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VM choice: Penhaligon's Blasted Heath

Penhaligon's is celebrating its new perfume range, Blasted Heath, with a very edgy window. Installed in its Paris and London stores, this example is from the King’s Road and perfectly captures the bleak-but-beautiful mood of wild British landscapes adjacent to the sea.

There are two elements in the range: Blasted Heath, described as where the sea meets the shore, and Blasted Bloom, the essence of wild flora. The window has a ‘King Lear on the heath,’ or a ‘Heathcliff’ roughness, with the foil on the glass suggesting the distinctive perfume bottle has been thrown through it. Beyond lies a broken chandelier resting on rough heathland.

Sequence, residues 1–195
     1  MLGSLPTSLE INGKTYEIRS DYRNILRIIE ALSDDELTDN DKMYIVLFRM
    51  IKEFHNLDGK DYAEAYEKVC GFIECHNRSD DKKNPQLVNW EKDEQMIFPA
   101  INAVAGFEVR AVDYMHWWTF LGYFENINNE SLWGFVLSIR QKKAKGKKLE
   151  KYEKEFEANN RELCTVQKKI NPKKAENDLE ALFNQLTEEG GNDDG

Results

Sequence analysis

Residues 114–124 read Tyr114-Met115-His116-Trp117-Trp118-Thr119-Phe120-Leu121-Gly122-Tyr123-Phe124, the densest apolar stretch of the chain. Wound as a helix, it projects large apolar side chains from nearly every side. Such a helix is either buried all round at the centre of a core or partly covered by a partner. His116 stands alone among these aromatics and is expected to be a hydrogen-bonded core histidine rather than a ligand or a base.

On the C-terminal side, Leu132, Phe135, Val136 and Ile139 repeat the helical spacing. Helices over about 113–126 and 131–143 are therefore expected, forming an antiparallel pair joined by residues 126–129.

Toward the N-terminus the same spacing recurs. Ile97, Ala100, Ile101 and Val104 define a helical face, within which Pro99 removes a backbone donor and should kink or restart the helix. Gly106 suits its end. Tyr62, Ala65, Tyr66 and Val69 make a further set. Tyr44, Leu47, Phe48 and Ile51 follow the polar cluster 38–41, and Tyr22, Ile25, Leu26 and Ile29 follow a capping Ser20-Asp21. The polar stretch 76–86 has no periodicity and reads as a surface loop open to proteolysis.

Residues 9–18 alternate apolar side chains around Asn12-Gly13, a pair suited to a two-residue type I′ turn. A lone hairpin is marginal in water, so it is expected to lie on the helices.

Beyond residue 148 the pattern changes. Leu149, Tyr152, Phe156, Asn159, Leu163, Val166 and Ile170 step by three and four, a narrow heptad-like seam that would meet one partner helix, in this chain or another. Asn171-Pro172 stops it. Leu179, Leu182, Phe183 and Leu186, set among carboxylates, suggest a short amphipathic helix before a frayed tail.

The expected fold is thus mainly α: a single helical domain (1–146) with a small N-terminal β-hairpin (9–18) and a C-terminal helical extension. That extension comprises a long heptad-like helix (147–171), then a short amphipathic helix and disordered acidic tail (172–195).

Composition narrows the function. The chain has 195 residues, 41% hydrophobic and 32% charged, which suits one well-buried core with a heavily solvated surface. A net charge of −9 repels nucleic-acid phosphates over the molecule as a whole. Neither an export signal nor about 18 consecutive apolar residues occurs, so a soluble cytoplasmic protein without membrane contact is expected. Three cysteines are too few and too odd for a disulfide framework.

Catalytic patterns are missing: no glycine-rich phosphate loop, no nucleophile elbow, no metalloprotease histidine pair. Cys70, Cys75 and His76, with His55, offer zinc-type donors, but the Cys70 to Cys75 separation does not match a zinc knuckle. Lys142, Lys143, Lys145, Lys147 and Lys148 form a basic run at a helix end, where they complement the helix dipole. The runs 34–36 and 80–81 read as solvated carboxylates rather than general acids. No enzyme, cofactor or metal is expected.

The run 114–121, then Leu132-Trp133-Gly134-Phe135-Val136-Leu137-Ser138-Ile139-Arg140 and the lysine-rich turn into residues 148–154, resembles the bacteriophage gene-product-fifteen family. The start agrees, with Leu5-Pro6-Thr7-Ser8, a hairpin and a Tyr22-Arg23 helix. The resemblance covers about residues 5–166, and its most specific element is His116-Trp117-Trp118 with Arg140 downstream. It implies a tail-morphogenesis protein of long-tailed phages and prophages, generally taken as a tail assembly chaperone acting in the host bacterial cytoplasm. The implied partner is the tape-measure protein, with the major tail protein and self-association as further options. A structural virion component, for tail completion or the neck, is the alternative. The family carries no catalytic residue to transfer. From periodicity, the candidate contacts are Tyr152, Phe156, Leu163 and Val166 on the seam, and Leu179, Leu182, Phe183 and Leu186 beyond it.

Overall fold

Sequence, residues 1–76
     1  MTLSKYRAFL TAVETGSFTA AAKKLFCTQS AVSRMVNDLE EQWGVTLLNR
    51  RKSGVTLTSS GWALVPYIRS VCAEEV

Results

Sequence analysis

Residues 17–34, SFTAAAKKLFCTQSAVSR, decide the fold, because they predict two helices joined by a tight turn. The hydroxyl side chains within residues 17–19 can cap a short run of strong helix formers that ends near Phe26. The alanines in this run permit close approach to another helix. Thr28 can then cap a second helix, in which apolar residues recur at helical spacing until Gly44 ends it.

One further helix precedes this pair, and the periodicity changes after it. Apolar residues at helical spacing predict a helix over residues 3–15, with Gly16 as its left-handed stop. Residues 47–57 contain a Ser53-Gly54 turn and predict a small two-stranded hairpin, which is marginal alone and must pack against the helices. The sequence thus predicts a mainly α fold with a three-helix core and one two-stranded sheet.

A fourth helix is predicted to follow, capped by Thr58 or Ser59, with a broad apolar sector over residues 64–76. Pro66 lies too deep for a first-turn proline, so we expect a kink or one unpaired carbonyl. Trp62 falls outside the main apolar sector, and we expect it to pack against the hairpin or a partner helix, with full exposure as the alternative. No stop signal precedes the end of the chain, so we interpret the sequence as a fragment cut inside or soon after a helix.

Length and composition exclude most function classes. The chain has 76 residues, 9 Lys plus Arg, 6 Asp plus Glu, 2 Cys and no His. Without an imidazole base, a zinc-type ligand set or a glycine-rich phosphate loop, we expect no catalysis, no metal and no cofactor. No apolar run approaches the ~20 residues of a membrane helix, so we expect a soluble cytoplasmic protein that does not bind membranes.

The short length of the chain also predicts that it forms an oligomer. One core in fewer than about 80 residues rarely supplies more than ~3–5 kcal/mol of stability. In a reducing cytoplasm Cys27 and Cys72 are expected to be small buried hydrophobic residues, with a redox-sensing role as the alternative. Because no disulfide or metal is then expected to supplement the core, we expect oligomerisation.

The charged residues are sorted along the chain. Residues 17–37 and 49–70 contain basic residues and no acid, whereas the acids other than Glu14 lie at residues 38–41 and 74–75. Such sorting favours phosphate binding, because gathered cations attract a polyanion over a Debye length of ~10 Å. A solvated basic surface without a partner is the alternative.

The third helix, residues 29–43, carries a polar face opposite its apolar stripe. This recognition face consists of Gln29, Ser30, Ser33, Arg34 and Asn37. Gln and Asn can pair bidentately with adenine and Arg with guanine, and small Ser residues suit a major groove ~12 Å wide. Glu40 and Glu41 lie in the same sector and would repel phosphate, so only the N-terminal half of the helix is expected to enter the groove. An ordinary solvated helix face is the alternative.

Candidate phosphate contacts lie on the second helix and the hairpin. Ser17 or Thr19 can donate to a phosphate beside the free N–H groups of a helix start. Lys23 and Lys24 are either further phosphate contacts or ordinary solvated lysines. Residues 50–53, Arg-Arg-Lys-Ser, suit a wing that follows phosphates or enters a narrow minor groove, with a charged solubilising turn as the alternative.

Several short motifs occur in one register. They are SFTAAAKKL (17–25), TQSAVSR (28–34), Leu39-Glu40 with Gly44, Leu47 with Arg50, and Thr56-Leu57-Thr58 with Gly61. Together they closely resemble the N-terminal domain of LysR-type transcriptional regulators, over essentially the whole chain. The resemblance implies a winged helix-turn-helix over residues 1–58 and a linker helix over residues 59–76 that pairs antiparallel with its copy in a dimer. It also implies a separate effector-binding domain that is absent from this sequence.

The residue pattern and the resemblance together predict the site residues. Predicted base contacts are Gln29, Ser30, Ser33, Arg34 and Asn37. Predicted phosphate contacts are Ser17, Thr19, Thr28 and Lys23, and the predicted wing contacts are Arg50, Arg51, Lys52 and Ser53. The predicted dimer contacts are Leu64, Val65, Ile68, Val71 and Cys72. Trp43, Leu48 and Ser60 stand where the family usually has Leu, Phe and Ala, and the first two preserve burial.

The main window contains two moss-shrouded picture frames, which run with water during store opening hours. This is very clever as the moving water commands customers’ attention, offering subtle movement where none is expected.

The resin half-mould perfume bottle is securely fixed to the surface of the glass and behind it is a another broken glass foil, suggesting the bottle has either broken through the glass, or broken in to the window.

A close up shows how compelling this illusion is.

And an oblique view reveals that the stopper was created separately: a nice detail.

The complete range is evocatively arrayed on moss with a few larger stones, just as we might imagine it would be glimpsed by Tess Derbyfield, the personification of nature in Thomas Hardy’s ‘Tess of the d’Urbervilles,’ as she wandered alone on the heath. Excellent.